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1948 | The Daily

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In this episode of “The Daily,” the Israeli-Palestinian conflict is explored through the lens of the events of 1948. Understanding the significance of this year is crucial to comprehending the ongoing conflict. The episode delves into the clashing narratives from both the Israeli and Palestinian perspectives and how these narratives shape the present situation. It also examines the impact of the 1948 war on Palestinians, including the displacement of many and their yearning to return to their homes. The episode sheds light on the complexities and nuances of the historical record and the challenges of reconciling the narratives of both sides.

Main Takeaways

The Clashing Narratives of 1948

  • The Israeli-Palestinian conflict is currently referencing the events of 1948.
  • Understanding the meaning of 1948 is crucial to understanding the current conflict.
  • There are two clashing narratives about 1948, one from the Israeli perspective and one from the Palestinian perspective.
  • Israel celebrates a double holiday while Palestinians mark the event in mourning.

The Palestinian Narrative

  • The key to the Palestinian narrative is the idea that all of the Arabs who left what is now Israel during the 1948 fighting were deliberately expelled by Israeli forces.
  • The Palestinian narrative is one of moral purity and victimhood, with the belief that they were deliberately expelled from their land by Israel during the 1948 fighting.
  • Palestinian children are being taught that they are from Arab towns that had been emptied or destroyed, and the dream of returning to those places still lives.

The Israeli Narrative

  • The Israeli narrative is one of moral purity, fighting for their existence as an independent state against Arab armies.
  • The Israeli narrative of the 1948 war is one of noble accomplishment, with little questioning of the virtue of their victory.
  • Holocaust survivors emphasized the theme of resistance in their accounts, which aligns with the Israeli idea of creating a state and being strong.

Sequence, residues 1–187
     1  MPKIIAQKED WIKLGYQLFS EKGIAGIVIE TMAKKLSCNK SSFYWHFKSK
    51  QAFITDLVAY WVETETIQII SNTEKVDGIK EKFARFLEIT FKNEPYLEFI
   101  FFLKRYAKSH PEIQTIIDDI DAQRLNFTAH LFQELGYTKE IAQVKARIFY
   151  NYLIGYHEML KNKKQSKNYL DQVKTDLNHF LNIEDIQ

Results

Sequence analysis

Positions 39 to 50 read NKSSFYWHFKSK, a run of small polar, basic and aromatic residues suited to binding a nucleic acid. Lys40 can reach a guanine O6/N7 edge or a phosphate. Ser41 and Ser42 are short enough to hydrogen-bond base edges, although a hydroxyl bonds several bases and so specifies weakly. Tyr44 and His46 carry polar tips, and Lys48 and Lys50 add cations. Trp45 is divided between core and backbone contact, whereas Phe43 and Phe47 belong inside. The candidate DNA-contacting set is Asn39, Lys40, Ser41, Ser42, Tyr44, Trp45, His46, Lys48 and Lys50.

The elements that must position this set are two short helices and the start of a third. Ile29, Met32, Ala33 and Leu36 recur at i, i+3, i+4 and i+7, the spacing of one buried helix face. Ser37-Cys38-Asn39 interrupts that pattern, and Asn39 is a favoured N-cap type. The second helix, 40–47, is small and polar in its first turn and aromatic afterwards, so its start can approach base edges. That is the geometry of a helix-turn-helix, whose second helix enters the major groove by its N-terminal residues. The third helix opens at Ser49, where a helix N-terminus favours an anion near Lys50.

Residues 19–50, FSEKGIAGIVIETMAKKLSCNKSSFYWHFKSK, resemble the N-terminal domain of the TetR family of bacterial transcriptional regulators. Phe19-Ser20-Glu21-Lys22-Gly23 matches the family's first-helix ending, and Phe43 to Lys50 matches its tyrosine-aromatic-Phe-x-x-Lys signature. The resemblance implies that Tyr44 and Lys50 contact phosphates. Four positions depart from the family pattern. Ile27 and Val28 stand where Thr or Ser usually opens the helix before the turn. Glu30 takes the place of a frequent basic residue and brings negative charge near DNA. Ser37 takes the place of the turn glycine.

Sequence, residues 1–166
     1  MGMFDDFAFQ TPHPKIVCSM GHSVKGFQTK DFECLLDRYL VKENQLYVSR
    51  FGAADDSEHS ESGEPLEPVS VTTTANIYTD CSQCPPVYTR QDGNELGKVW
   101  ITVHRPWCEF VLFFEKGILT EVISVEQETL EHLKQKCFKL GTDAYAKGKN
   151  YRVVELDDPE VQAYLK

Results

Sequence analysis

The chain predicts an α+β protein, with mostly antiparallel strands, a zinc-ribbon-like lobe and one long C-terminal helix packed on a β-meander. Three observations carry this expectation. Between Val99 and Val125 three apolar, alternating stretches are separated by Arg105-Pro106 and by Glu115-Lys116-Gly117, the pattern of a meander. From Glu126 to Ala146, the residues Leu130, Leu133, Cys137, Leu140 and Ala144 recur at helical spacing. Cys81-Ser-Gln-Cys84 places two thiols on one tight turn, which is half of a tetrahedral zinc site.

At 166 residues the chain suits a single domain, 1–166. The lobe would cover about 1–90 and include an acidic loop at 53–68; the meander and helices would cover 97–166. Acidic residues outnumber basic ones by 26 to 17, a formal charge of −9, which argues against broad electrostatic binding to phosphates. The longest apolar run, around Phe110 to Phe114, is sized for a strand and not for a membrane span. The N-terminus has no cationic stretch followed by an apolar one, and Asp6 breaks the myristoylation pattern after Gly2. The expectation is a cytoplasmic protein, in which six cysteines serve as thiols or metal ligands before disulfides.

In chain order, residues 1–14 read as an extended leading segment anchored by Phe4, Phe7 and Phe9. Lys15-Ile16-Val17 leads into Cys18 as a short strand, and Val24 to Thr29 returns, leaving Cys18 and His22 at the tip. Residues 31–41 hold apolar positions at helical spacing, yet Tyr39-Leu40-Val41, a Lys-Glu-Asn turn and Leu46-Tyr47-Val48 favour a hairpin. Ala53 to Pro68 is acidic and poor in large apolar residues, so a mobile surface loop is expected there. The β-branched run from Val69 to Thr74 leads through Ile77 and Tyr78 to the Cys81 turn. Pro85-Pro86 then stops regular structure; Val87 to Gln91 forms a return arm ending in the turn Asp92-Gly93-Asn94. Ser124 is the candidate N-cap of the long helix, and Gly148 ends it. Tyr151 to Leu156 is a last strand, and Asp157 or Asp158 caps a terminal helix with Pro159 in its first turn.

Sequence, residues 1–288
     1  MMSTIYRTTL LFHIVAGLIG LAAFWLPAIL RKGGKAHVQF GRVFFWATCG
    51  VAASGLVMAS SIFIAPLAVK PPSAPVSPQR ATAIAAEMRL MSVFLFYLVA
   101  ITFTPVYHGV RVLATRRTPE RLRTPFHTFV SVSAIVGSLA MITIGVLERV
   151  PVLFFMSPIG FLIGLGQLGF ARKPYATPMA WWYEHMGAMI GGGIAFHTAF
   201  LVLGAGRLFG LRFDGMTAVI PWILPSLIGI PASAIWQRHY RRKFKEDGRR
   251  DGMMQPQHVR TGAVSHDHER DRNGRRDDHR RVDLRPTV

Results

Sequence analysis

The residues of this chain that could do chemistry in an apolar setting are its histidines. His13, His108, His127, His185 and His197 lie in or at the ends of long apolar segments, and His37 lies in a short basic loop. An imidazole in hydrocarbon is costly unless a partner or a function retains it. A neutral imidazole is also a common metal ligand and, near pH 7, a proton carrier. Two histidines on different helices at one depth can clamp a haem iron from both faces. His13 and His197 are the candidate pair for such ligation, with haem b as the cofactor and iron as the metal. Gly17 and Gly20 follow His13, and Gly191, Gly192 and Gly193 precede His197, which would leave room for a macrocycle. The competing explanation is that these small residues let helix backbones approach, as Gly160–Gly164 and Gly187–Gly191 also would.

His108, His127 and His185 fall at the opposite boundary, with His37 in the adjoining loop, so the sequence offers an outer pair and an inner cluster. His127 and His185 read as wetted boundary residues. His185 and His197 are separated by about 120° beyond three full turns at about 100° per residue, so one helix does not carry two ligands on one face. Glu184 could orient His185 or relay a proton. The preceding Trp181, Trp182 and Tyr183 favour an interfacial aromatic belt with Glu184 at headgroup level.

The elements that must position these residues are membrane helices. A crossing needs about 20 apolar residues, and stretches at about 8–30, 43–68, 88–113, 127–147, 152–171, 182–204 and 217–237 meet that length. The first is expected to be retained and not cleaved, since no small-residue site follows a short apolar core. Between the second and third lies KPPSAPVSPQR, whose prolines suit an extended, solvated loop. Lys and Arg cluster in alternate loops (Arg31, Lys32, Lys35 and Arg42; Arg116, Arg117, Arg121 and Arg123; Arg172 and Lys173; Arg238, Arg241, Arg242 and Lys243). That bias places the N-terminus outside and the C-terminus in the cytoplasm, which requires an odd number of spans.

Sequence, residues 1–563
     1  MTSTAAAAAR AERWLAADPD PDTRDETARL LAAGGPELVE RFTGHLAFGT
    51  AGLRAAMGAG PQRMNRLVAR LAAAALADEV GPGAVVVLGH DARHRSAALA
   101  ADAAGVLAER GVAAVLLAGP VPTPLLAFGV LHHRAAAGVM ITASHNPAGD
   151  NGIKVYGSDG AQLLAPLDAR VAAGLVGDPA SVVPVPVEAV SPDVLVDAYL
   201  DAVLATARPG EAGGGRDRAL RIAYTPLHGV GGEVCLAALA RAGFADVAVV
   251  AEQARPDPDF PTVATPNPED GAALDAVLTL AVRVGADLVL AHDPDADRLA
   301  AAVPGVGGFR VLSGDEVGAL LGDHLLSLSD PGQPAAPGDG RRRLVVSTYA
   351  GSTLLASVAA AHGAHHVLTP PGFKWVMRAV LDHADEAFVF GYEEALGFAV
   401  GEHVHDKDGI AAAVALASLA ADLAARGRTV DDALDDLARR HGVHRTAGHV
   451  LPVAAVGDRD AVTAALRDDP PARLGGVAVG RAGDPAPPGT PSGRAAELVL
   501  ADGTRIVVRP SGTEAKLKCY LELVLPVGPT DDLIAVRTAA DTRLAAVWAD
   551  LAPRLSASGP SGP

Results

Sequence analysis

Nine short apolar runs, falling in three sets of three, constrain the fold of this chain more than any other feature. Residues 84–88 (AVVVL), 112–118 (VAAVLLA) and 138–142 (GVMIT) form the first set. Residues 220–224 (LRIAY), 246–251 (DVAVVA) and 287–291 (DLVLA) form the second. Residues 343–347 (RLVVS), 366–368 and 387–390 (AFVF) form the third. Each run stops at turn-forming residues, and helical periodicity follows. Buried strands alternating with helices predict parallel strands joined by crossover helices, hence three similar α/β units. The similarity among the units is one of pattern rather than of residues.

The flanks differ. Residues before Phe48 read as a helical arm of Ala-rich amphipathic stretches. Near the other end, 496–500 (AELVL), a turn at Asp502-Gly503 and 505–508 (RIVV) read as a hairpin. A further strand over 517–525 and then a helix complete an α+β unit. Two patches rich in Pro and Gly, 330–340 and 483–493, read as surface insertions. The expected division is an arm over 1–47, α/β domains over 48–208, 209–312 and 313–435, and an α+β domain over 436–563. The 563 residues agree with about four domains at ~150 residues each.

Revisiting Historical Accounts

  • Yetsok Rabin’s memoir was censored by the Israeli government, and several paragraphs were deleted that completely changed the Israeli narrative of the 1948 war.
  • Rabin’s account of driving out the population of Lod and Rondla during the war was psychologically difficult and required the use of force.
  • Benny Morris mined declassified documents and injected the Israeli narrative with complications and nuances.

The Impact on Palestinians

  • The narrative conflict between Israelis and Palestinians is still ongoing and affects the present, with many Palestinians being displaced and yearning to return to their homes.
  • The Palestinians were scattered into a diaspora, with many ending up in refugee camps in Lebanon, Syria, Jordan, and the Gaza Strip.
  • Palestinian refugees in camps live in poverty and struggle to have a comfortable life.

The Complexity of the Historical Record

  • The historical record shows that not all 700,000 Palestinians were forcibly expelled by Israel as a matter of policy.
  • Many Palestinians left their homes as a result of the war, some were expelled, and others feared being massacred.
  • Many Jews living in Arab countries were also expelled and fled to Israel, making up at least half of Israel’s population today.


The Clashing Narratives and Their Impact

The Israeli-Palestinian conflict is deeply rooted in the events of 1948. The clashing narratives from both sides, the Israeli and Palestinian perspectives, shape the present situation. Israel celebrates the creation of their state as a noble accomplishment, while Palestinians mourn the loss of their land. The Israeli narrative emphasizes the fight for survival against Arab armies, while the Palestinian narrative portrays deliberate expulsion and victimhood. These narratives continue to fuel the conflict, with many Palestinians longing to return to their homes.

Revisiting Historical Accounts and Their Complexity

The historical record surrounding the events of 1948 is complex. Yetsok Rabin’s censored memoir sheds light on the use of force in driving out the population of certain areas. Benny Morris’s research reveals complications and nuances in the Israeli narrative. Not all Palestinians were forcibly expelled, as some left due to the war, fear of massacre, or other reasons. Similarly, many Jews from Arab countries were expelled and sought refuge in Israel. Understanding these complexities is essential to a comprehensive understanding of the conflict.

The Impact on Palestinians and the Diaspora

The 1948 war resulted in the displacement of many Palestinians, leading to a diaspora scattered across refugee camps in neighboring countries. These camps often face poverty and limited opportunities. The desire to return to their homes remains strong among Palestinians, representing a challenge to the existence of the Jewish state due to population and security concerns. Both Israelis and Palestinians struggle to recognize each other’s victimhood, further complicating efforts towards reconciliation.


The events of 1948 continue to shape the Israeli-Palestinian conflict, with clashing narratives and deep-seated emotions influencing the present situation. Understanding the complexities and nuances of this historical period is crucial to fostering empathy and finding paths towards reconciliation. Acknowledging the experiences and aspirations of both Israelis and Palestinians is essential in moving towards a peaceful resolution.

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